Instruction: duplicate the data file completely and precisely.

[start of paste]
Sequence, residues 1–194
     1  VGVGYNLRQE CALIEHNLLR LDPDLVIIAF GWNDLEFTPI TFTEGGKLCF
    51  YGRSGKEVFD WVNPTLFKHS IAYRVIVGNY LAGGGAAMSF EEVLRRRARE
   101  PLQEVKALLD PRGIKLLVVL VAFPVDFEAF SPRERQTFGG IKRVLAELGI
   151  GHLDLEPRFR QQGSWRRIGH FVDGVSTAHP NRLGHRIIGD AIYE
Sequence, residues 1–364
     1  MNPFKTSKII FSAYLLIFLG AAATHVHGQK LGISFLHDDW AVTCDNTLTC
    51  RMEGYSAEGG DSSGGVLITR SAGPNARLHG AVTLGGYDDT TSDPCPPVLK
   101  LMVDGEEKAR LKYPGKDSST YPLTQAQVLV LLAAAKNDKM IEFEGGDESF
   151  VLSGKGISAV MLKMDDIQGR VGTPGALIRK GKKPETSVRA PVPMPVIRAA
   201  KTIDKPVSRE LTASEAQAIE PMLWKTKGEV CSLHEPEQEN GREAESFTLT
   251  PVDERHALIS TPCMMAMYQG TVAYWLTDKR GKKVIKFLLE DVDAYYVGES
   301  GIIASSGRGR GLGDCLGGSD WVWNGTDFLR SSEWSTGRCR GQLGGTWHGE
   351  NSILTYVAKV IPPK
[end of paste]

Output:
Sequence, residues 1–194
     1  VGVGYNLRQE CALIEHNLLR LDPDLVIIAF GWNDLEFTPI TFTEGGKLCF
    51  YGRSGKEVFD WVNPTLFKHS IAYRVIVGNY LAGGGAAMSF EEVLRRRARE
   101  PLQEVKALLD PRGIKLLVVL VAFPVDFEAF SPRERQTFGG IKRVLAELGI
   151  GHLDLEPRFR QQGSWRRIGH FVDGVSTAHP NRLGHRIIGD AIYE
Sequence, residues 1–364
     1  MNPFKTSKII FSAYLLIFLG AAATHVHGQK LGISFLHDDW AVTCDNTLTC
    51  RMEGYSAEGG DSSGGVLITR SAGPNARLHG AVTLGGYDDT TSDPCPPVLK
   101  LMVDGEEKAR LKYPGKDSST YPLTQAQVLV LLAAAKNDKM IEFEGGDESF
   151  VLSGKGISAV MLKMDDIQGR VGTPGALIRK GKKPETSVRA PVPMPVIRAA
   201  KTIDKPVSRE LTASEAQAIE PMLWKTKGEV CSLHEPEQEN GREAESFTLT
   251  PVDERHALIS TPCMMAMYQG TVAYWLTDKR GKKVIKFLLE DVDAYYVGES
   301  GIIASSGRGR GLGDCLGGSD WVWNGTDFLR SSEWSTGRCR GQLGGTWHGE
   351  NSILTYVAKV IPPK